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CDB "Reform of Veterinary Surgeons Act" CAMPAIGN

Link to DEFRA consultation detail here

"Animal Welfare Bill" CAMPAIGN

main DEFRA Campaign Page

Initial DEFRA consultation paper

CDB Submission to DEFRA

DEFRA Press Release
30 April 2002

CDB Press Release
2 May 2002

Guide to lobbying

UK Vets For Docking Site


Proposals to update legislation covering veterinary surgery were unveiled by Defra in September 2003.

The consultation paper recognises that the Veterinary Surgeons Act (1966) is in need of modernisation and it invited comments on proposed changes.

Among a range of issues, the consultation invited views on was " Deregulation of designated 'acts of veterinary surgery' to trained and competent para-professionals".

CDB Response:

Thank you for your letter of 13 th October inviting us to submit our views concerning proposed changes to the Veterinary Surgeons Act 1966. We have pleasure in offering the following response to your consultation.

1 Deregulation

1.1 We note from your letter that there is a desire both within Government and within the veterinary profession to proceed further with the deregulation of veterinary medicine, thereby allowing appropriately qualified lay people to undertake minor procedures. This would enable veterinary surgeons to focus more closely on diagnosis and advanced veterinary procedures, so enhancing animal welfare overall.

1.2 We applaud the steps which the Government has already taken in pursuance of this objective. Recent legislation has both opened up the generality of veterinary practice to new groups of professionals and specified particular procedures that may be undertaken by suitable qualified individuals. An example of the former is the VSA (Schedule 3 Amendment) Order 2002 which authorised veterinary nurses to undertake minor non-intrusive surgery, while the latter is exemplified by the VSA (Rectal Ultrasound Scanning of Bovines) Order 2002 which allowed lay people to obtain 'Qualified Scanner Operator' status and thus operate pregnancy detection equipment in cattle. Another example is the deregulation of Equine dental procedures to appropriately trained para professionals.

1.3 The Council of Docked Breeds fully supports this approach, and suggests that the docking of dogs' tails is a minor procedure which could be so deregulated.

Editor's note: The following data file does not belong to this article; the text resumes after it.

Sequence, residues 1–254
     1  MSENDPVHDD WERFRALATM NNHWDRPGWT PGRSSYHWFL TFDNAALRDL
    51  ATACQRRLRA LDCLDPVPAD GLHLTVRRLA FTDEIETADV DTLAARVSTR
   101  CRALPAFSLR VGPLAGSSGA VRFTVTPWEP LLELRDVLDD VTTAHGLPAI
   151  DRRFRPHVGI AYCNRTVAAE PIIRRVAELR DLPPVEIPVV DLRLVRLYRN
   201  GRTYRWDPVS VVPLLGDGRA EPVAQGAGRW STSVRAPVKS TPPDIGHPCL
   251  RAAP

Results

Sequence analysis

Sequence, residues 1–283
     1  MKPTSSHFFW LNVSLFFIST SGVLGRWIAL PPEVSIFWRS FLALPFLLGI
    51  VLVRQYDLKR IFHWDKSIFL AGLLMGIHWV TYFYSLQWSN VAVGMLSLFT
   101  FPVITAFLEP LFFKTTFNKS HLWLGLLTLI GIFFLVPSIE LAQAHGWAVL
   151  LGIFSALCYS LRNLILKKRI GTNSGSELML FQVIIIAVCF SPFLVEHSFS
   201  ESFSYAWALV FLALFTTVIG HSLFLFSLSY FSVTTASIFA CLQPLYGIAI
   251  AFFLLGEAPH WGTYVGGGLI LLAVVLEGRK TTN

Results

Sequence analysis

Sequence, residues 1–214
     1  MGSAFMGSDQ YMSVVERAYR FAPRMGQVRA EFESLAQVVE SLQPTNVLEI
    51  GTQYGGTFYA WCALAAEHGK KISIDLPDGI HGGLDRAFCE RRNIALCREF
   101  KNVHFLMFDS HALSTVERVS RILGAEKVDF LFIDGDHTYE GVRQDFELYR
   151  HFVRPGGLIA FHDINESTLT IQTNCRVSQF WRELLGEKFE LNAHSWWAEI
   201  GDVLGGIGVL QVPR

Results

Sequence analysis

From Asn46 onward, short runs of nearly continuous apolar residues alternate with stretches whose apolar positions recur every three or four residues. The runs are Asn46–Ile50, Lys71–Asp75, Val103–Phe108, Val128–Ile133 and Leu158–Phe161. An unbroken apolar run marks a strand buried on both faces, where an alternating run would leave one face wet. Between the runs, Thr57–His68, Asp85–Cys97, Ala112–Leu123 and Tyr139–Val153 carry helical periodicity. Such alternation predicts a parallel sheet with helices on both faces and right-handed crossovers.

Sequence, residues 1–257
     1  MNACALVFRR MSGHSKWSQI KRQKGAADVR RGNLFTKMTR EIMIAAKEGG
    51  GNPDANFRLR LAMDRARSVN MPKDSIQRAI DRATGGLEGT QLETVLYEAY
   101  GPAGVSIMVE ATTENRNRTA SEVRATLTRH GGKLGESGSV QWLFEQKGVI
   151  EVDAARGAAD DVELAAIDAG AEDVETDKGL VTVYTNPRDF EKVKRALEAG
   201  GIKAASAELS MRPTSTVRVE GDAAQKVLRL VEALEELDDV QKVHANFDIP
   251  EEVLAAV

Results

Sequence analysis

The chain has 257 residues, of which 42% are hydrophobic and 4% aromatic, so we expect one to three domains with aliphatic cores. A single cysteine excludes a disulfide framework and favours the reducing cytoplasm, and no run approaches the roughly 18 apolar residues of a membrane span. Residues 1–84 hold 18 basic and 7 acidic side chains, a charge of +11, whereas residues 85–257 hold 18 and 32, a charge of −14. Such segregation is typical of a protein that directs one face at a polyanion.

2 Tail Docking

2.1 Docking is the customary or prophylactic shortening of the tail. The procedure is undertaken both in the case of farm animals and in dogs. The CDB concerns itself solely with the latter.

2.2 Docking of dogs' tails has been undertaken for many hundreds of years, and certainly since specific dogs have been line bred in order to perform specialised tasks, for example those related to hunting and herding. The object of the procedure is to prevent future tail damage in many breeds which, if left with full tails are susceptible to tail damage, and to prevent perianal fouling, particularly in long-coated breeds. The need for tail docking in these breeds has been well established and is recognised both by the Kennel Club and by country sports organisations such as the British Association for Shooting and Conservation and the Countryside Alliance.

2.3 Prior to 1 st July 1993 docking was mostly carried out by experienced breeders. However, on that date a VSA Schedule 3 Amendment Order came into force, removing docking from the list of treatments and operations which may be carried out by unqualified persons. It may be noted that the amputation of dew claws, widely considered to be a more serious procedure than docking, remains exempted under Schedule 3.

2.4 Currently, prophylactic docking may be carried out only by a registered veterinary surgeon before a puppy's eyes are open, which normally occurs at around 10 days of life. The earlier a puppy is docked the better, and many vets like to carry out the procedure before 3 days of age. However, in some small breeds it can be left until the pups have reached 5 days of age. Docking can involve a surgical excision or the placing of a specialised rubber band at the required length on the tail. The blood supply to the end of the tail is thus constricted, and the end of the tail comes away within about three days.